History Comes Alive series ends with William Penn | arts and entertainment
The Deane Center’s 2022-2023 History Comes Alive series will end at 7 p.m. on Wednesday, April 12 with Robert Gleason portraying William Penn at the Coolidge Theatre, 104 Main St., Wellsboro.
After the performance, the audience will be invited to ask questions of Gleason.
William Penn is a Philadelphia treasure and Bob Gleason’s portrayal helps us understand that without Penn there would be no city in which Benjamin Franklin is famous.
Born to an unusual type of well-connected British parent, Penn sat indoors and read books. His lifestyle was very different from that of his party mother and sailor admiral father.
Traveling to Ireland and then to France, Penn hears a Quaker preach and, quite literally, a light goes on for the young man. Less than pleased with their son’s newfound faith and advocacy, Penn refused to compromise his beliefs: he was prepared to be disinherited, even to go to prison.
After the Admiral’s death, Penn inherited land in what came to be known as “Pennsylvania”. Going to his new property, he devoted his land and his life to the creation of a utopia. Penn advertised throughout Europe for like-minded peace-seeking settlers willing to go to Pennsylvania as part of his noble experiment.
It has set a precedent for tolerance, equality and the use of financial resources to create real and lasting value. Penn codified his plans for the Pennsylvania Charter of Freedoms, which presaged the Declaration of Independence, the Constitution, and the Bill of Rights, which is why the United Nations celebrates its anniversary on Penn’s birthday on October 14. .
Penn worked hard to build good relationships with Native Americans, learning their language(s) and sometimes paying land several times over to multiple tribes claiming “ownership”.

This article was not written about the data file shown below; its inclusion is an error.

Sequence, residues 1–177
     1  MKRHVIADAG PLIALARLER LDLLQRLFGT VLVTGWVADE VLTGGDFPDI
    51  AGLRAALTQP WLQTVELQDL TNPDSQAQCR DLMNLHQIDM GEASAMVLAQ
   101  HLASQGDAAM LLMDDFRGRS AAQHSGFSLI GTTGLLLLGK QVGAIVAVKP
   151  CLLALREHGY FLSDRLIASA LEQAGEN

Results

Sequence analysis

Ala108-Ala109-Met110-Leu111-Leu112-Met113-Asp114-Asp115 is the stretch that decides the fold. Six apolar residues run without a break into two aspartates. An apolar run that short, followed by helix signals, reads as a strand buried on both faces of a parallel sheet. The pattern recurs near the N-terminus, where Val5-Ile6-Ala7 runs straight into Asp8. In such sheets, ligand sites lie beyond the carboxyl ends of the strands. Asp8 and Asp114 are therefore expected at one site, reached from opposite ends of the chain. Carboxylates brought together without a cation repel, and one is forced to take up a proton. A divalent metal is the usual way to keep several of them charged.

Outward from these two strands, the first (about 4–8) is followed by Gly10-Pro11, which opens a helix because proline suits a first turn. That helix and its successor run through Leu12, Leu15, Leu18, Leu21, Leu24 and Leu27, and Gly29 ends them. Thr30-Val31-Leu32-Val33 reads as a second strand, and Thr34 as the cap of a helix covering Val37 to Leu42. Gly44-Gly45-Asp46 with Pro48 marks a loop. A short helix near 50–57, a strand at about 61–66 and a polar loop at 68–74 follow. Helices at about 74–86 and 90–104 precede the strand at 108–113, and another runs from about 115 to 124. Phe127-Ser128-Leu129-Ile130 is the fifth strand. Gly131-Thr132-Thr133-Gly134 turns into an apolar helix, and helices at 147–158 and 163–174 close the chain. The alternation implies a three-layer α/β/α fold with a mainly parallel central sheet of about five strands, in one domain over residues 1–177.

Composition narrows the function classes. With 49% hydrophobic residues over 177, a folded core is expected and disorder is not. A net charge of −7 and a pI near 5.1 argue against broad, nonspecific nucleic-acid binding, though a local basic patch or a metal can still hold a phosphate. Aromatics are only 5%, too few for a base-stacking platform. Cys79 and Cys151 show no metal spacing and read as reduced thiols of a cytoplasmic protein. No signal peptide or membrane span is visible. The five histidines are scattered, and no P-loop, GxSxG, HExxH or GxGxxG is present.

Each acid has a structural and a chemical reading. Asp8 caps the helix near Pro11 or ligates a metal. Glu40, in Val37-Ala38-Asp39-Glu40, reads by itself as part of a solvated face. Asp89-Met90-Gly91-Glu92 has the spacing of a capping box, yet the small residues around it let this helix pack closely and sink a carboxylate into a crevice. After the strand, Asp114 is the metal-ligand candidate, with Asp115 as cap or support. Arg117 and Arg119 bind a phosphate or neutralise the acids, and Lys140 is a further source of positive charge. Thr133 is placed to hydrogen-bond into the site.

His wife, Hannah Callowhill, was a capable businessman, who stepped in as unofficial governor of Pennsylvania from the time Penn suffered a stroke until her death.
Gleason holds a degree in Theater Arts from West Chester University. He has performed on stage, screen, television, radio, opera and ballet (Pierre et le loup). While serving in the US Army, he toured Europe with the 7th Army Soldiers Chorus.
Joining the American Historical Theater as James Wilson in 1991, the bicentennial of the Bill of Rights, Gleason had portrayed this founding father for Valley Forge’s Freedoms Foundation since 1985.
Gleason calls meeting William and Pamela Sommerfield of AHT a turning point in his personal and professional life.
In-depth historical research and audience interactivity became hallmarks of Gleason’s historical performances.
It presented programs featuring nearly 150 historical figures, spanning 2,000 years of history.
These programs have taken him from Washington DC to San Diego, CA and from El Paso, TX to Milwaukee, Wisconsin (21 states, so far).
He has performed at the White House Visitors Center, Smithsonian Institution, Constitution Hall, George Washington’s Mount Vernon, Ford’s Theatre, Independence Hall, National Constitution Center, Union League of Philadelphia, Valley Forge National Park, Federal Hall in New York, many historic sites, and a long list of schools, libraries and other public and private places.
He lives near Lansdale, Pennsylvania with his wife of over 35 years and a large stock of costumes, props and books.